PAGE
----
The Coronavirus Seal: Victoria’s Borders Close
The state of Victoria is being sealed off from the rest of Australia. On Tuesday, at 11.59pm, the border with New South Wales will be shut with publicised resoluteness. It is happening at the insistence of politicians across the country with a panicked urge. On the way are reminders about the miracle that was federation in 1901. That a Commonwealth was ever formed from the Britannic nuts and bolts of an invasive penal settlement was remarkable, given the otherwise innate hostilities, not to mention competitiveness, the states had shown to each other.
The last time this happened was a touch over a century ago, when the borders were sealed in a response to the ravages of pneumonic influenza, inaccurately named Spanish flu. The venture is going to be heavily policed. Human personnel, drones and surveillance equipment will be deployed. 55 ground crossings including four major highways, 33 bridges, two waterways, various numbers of train stations and airports will be subjects of interest. Even with this, there is scepticism. Viruses will find their carriers and unwitting accomplices, however impressive the policing effort.
The closure, according to Victorian Premier Daniel Andrews, will be “enforced on the New South Wales side, so as not to be a drain on resources that are very focused on fighting the virus right now across our state.” Residents in border towns must apply for permits for movement between the states. As the ABC describes it, “Only permit holders, emergency services workers, freight drivers and returning travellers will be able to cross into New South Wales from Victoria.” The penalties for breaching such rules are severe: $11,000 in fines or six months in jail. Businesses on the border face ruin and considerable opacity in terms of regulations.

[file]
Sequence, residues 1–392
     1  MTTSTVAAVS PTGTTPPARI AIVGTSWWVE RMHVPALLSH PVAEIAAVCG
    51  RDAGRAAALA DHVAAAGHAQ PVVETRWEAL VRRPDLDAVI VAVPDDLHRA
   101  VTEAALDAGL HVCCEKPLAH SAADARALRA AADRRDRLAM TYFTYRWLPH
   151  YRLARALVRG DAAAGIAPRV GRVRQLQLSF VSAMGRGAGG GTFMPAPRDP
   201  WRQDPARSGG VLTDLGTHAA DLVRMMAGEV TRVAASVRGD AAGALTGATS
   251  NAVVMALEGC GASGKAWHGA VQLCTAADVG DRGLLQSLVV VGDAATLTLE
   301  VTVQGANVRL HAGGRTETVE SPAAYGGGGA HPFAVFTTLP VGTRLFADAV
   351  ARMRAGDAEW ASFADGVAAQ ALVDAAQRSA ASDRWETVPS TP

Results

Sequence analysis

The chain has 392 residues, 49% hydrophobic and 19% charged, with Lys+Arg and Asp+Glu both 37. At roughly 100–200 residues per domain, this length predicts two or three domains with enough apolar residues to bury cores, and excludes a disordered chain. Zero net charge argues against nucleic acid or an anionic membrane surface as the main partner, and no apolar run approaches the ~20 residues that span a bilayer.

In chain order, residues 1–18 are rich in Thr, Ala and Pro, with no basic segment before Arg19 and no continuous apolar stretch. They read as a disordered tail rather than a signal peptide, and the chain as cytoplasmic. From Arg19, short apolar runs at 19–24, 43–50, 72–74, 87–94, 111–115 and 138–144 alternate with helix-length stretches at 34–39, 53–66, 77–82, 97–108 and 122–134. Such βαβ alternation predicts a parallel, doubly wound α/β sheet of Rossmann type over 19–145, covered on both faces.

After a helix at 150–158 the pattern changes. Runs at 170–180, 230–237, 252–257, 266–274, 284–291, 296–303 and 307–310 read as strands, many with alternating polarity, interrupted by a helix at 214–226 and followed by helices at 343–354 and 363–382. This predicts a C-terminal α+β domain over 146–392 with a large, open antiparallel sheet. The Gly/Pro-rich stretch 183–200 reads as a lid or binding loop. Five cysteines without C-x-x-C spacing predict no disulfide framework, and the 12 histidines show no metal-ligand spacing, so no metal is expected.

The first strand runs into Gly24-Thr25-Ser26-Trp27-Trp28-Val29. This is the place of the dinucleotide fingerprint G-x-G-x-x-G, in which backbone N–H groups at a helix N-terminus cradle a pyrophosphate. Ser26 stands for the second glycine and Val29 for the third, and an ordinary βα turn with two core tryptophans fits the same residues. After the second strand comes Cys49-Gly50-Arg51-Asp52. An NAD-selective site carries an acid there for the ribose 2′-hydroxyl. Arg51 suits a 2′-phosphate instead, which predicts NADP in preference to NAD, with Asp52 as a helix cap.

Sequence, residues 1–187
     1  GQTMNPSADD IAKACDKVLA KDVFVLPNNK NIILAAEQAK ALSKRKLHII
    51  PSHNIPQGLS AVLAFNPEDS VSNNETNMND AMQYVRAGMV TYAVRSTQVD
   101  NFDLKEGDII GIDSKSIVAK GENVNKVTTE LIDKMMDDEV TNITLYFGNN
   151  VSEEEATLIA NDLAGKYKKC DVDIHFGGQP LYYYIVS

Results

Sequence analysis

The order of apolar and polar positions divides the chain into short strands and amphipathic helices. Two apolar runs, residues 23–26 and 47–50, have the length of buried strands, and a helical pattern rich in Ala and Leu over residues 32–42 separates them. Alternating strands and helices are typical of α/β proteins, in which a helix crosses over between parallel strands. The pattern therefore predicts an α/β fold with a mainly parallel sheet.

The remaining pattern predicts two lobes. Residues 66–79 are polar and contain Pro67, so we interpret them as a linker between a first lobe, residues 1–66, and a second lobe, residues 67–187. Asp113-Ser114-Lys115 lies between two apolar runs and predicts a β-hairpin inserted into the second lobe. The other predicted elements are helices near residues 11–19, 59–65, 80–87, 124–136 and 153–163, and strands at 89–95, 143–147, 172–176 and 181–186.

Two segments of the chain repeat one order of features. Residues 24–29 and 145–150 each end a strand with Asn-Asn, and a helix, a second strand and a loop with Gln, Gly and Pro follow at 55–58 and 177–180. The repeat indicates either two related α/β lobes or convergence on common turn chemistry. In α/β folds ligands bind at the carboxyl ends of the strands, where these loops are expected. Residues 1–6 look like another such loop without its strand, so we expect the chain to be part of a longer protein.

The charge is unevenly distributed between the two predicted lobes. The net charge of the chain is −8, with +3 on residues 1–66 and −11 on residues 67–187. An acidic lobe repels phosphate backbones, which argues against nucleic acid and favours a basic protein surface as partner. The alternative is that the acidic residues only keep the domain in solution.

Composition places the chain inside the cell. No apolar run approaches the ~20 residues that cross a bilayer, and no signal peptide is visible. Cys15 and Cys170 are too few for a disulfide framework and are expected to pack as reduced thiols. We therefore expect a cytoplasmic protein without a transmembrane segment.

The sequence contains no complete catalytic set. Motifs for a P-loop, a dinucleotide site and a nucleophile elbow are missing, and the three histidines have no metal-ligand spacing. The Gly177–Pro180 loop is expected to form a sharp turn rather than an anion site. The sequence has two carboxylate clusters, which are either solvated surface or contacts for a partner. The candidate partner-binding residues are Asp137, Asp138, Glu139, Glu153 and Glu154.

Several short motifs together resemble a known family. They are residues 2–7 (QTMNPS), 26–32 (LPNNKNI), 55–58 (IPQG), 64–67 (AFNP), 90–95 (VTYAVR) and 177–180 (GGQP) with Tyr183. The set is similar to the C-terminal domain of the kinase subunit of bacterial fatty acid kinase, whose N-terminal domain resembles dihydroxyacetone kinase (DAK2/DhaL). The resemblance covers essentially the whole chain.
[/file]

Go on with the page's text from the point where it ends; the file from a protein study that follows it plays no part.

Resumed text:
While that is happening, 3,000 residents in Flemington and North Melbourne continue their quarantine in the public housing towers that have been designated as COVID-19 hotspots. Promises of assistance made by Andrews have yet to materialise in any meaningful way. Mental health practitioners and social workers seem few and far between. The government food supplies remain spectral. That said, FareShare, despite being a charity, claims to have provided, at the prompting of the Department of Health and Human Services, Sunday roasts, vegetarian casseroles and family pies, supplemented by 3,500 quiches and 1,600 sausage rolls. The charity has set up, according to The Advocate, “an emergency cool room packed with thousands of nutritious, cooked meals” in North Melbourne, though it is hard to see how these “cater to a range of cultural and dietary preferences”.
The feeling that “prison food” is being supplied to “inmates” is unmistakable, though even that has been in short supply. As Nine News reported with much fanfare, “A daughter and her elderly mother trapped in Melbourne’s public housing lockdown have broken down in tears, detailing how they have only been given four sausage rolls to eat in more than 48 hours.” But no matter: this has provided charities such as FareShare with a few good publicity snaps. The show of false remedies must go on.